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India records largest reductions in malaria cases in South-East Asia, says WHO

1st December, 2020 Health

Context: India made impressive gains in the global fight against malaria, recording the largest reduction in cases in South-East Asia from 20 million in 2000 to about 5.6 million last year, according to the World Health Organisation.

The World Malaria Report 2020,

  • Finds that in 2019, malaria cases globally numbered about 229 million, an annual estimate that has remained virtually unchanged over the last four years.
  • Last year, the disease claimed about 4,09,000 lives, compared to 4,11,000 in 2018.
  • Countries in South-East Asia made particularly strong progress, with reductions in cases and deaths of 73% and 74%, respectively.
  • India contributed to the largest drop in cases region-wide — from approximately 20 million to about 6 million.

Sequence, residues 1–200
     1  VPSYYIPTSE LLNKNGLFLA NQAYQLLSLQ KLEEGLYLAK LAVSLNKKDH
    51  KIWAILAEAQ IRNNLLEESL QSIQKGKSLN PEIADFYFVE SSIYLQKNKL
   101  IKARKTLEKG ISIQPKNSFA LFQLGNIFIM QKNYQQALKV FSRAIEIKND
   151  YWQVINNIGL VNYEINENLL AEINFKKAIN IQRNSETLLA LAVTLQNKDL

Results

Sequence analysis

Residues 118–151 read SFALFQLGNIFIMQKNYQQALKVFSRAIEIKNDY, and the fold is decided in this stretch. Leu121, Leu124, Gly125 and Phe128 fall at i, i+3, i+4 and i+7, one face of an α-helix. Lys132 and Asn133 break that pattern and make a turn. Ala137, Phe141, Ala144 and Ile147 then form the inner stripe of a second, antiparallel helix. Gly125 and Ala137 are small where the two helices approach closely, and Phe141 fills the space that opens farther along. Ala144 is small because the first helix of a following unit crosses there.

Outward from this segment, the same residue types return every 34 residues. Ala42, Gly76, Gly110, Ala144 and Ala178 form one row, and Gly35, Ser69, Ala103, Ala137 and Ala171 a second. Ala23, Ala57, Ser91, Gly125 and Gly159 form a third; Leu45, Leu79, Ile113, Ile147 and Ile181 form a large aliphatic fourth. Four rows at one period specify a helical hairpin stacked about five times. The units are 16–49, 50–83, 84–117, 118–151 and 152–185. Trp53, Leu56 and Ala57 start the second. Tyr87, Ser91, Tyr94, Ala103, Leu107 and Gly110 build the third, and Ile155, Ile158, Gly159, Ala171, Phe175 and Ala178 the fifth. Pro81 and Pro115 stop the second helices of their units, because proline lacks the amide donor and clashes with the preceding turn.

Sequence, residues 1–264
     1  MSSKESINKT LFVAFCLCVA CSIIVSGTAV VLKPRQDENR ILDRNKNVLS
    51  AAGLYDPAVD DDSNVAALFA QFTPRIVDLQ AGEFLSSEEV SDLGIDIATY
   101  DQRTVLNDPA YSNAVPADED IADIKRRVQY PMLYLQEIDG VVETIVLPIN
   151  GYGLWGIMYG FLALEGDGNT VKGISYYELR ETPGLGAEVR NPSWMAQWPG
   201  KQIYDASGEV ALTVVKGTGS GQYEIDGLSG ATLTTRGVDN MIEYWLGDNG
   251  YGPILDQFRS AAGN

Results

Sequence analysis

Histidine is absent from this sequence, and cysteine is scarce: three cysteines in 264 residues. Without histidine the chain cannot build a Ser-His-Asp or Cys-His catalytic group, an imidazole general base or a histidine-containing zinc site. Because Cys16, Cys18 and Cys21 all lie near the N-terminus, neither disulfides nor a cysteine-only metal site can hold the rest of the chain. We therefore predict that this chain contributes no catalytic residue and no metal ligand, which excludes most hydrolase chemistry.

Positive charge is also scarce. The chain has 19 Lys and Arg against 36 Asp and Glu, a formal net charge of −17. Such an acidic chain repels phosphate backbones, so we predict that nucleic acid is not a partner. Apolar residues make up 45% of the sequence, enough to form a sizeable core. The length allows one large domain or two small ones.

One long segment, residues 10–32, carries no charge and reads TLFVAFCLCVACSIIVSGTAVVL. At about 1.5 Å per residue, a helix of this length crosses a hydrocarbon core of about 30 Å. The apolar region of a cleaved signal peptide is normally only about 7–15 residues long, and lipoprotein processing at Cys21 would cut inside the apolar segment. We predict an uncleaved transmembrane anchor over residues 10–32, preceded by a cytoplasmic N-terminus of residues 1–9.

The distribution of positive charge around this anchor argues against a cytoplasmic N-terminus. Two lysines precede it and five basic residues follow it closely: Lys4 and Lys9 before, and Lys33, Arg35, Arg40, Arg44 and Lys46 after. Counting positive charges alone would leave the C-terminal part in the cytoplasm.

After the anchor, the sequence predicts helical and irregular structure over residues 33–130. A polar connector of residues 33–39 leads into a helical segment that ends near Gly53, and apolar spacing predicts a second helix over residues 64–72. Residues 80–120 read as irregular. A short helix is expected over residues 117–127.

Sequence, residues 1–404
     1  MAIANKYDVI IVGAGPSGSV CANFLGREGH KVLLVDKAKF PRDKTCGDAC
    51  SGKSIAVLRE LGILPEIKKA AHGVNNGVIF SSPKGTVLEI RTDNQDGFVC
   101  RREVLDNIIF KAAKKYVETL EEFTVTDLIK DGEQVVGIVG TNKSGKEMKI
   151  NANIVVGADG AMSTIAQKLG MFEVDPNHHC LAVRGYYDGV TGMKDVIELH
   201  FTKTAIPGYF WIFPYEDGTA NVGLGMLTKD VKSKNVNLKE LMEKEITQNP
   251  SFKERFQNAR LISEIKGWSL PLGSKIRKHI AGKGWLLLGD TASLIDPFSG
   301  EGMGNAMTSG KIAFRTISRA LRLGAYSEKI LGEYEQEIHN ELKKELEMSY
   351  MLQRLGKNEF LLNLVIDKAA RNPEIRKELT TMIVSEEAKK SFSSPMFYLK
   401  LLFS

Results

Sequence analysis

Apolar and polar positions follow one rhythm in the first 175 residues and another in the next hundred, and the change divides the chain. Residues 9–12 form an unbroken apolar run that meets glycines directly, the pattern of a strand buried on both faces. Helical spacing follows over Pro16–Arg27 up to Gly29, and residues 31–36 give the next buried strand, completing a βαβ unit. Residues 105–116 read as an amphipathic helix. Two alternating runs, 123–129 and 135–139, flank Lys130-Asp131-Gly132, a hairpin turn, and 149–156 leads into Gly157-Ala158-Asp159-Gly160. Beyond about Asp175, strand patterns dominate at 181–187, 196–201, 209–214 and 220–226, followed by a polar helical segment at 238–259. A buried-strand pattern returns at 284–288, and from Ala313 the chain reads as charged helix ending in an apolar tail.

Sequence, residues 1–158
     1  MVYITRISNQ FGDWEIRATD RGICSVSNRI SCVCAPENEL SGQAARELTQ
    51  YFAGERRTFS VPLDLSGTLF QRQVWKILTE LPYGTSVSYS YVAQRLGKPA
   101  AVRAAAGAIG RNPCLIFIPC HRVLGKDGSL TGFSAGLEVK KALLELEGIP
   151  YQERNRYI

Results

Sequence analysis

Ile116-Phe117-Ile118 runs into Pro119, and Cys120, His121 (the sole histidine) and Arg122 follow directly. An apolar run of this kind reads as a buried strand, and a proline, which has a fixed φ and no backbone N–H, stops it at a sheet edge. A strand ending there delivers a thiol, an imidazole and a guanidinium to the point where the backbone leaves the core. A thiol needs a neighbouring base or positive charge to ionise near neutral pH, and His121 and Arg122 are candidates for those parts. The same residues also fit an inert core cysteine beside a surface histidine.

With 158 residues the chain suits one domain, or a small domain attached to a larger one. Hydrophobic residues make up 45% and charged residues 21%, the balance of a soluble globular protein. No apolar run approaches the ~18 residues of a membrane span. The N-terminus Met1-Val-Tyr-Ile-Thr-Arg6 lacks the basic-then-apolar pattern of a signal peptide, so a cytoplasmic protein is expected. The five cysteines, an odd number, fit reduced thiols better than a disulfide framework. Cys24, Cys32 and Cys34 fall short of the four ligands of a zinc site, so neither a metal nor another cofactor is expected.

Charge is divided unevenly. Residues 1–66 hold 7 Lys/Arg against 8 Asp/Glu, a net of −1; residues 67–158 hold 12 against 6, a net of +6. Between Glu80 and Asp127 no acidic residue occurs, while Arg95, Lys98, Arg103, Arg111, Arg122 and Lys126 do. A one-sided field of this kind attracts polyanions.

• The report said that the WHO South-East Asia Region accounted for about 3% of the burden of malaria cases globally.
  • Malaria cases reduced by 73% in the region, from 23 million in 2000 to about 6.3 million in 2019.

India’s efforts lauded

  • The WHO noted the impressive gains made by India in the fight against malaria, with reductions in cases and deaths of 18% and 20%, respectively, over the last two years.
  • India also recorded a decrease in the number of deaths from malaria between 2000 and 2019.
  • India, however, still accounted for 88 per cent of malaria cases and 86 per cent of malaria deaths in the WHO South-East Asia Region in 2019.
  • The WHO is calling on countries and global health partners to step up the fight against malaria, a preventable and treatable disease that continues to claim hundreds of thousands of lives each year.

What can be done?

  • A better targeting of interventions, new tools and increased funding are needed to change the global trajectory of the disease and reach internationally-agreed targets.
  • Ensuring access to malaria prevention — such as insecticide-treated nets and preventive medicines for children, guidance to adapt their responses and ensure the safe delivery of malaria services.